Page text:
This summer FEMA scaled back the amount they’d pay the Army Corps of Engineers for debris removal, meaning the City of New Orleans would have to pick up more of the tab. The City said they couldn’t afford it, so it would fall on the private citizen. Predictably, however, most people didn’t get the memo. And we’ve all gotten used to piling debris on the curb.
Case in point: 3319 Iberville. Around September 20, the flooded contents of this house were finally removed and piled on the sidewalk, spilling into the street.
The pile was quite impressive, taller than me.
Over a month later, it’s still there. It’s settled a little, so it’s not quite as tall, but it does encroach on the street a little more.
I’m sick of looking at it every damn day. So I called the City of New Orleans hotline and reported it as a case of illegal dumping. (It took two calls. On the first try I got an operator who just wanted to read me a fact sheet of facts I already know like some kind of robot.) I was given a reference number: #2020403.
I don’t really expect the city to do anything about it, but hope springs eternal.
Something tells me this list shouldn’t be posted in the clear.
I was amazed by the front page of the paper this morning. Apparently a robbery suspect took refuge at the house of District Attorney Eddie Jordan, before rushing off to shoot a cop and his wife. This happened earlier in the month but is only coming to light now.
Separate but related story: The D.A. owes almost $4 million to the people he wrongfully fired when he was elected, and now the City Council is saying the city can’t afford it. I was one of those people picketing in the rain for Jordan to resign but I almost feel sorry for him now. Almost.
Final knock-your-socks-off story: State Senator Derrick Shepherd comes out swinging against the FBI, who interrogated him and insinuated he’s been doing some money laundering. I’ve held a low opinion of Shepherd ever since he embarrassed the state with his “Saggy Pants” bill, but his counter-offensive against the FBI was truly impressive. Everybody’s in a tizzy because he says the feds wanted him to cough up dirt on Mayor Nagin and State Rep. Karen Carter. He said “hell no” and that’s when they started sweating him.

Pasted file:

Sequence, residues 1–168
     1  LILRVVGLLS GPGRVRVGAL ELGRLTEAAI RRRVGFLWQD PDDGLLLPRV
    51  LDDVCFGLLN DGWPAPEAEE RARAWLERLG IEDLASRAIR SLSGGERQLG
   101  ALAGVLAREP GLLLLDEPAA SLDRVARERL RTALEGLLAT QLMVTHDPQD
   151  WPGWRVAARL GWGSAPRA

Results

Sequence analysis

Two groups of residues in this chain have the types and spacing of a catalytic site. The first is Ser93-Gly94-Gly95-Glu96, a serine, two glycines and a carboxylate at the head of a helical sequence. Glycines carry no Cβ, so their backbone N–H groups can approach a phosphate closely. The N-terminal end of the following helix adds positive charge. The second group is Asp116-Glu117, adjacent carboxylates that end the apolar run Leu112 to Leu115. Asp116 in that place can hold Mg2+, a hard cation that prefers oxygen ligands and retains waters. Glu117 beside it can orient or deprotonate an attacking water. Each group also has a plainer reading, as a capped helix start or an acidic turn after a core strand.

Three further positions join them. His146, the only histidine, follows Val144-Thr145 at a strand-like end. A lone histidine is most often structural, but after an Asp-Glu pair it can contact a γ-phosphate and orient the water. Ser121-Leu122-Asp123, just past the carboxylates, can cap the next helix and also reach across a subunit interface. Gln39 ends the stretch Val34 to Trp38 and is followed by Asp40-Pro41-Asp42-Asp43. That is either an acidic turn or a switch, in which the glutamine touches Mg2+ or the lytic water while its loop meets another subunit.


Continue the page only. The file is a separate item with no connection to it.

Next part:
The YatPundit posts a scorching yet thoughtful account of a neighborhood meeting in New Orleans.
Dang, it’s cold. Ever since the big rains that came through with the front on Monday, it’s been cold. All my life I’ve had central air and heat, until we bought our house in 2002. We have a couple wall furnaces, and they do the job, but you have to light ’em manually and we just don’t see much point when we know the weather will warm up again. So we suck it up. But that means it was in the upper forties/lower fifties in our bedroom this morning. Brrr.
My friend in San Diego sends this update:
Continue reading San Diego Update
While New Orleans was getting soaked yesterday, San Diego was encircled by wildfires. Today comes the news that 300,000 people are being asked to evacuate in San Diego county alone. Dangerblond says that’s more than Katrina. I’m worried about my friend Mary, who sent this e-mail yesterday evening:
San Diego is surrounded by fires in a big semicircle. 911 reverse called us and told us there is a voluntary evacuation of my area. (I’m near the ocean but the smoke gets people too). I went to the store to buy water, but there wasn’t any. I’m trying to decide what to do and where to evacuate to. I’d have to drive north of LA to get out of the ring of fire, and with the traffic, I may make it by the time [my baby daughter] is old enough to drive…
If I go south, I’ll still be trapped, but the fires are further east, at least.
I haven’t heard from Mary since then. I hope she and her daughter are OK.
As Michael notes, the people of the Gulf Coast have sympathy for the people of California. It sucks to have your home destroyed by forces beyond your control. The devastating storm surges of 2005 may seem very different from the wildfires, but they too may be exacerbated by global warming.
It was raining heavily this morning. I got pretty soaked on the ride to work. There was a foot of water standing on parts of Drexel Drive. I could see air bubbling up from cracks in the street as I rode past. During our staff meeting word came down (via the text messaging system, run by e2campus) that classes had been canceled after noon. So we went home early. I got well and truly soaked on the ride home. Michael says the water is waist-deep on some blocks in his part of the neighborhood.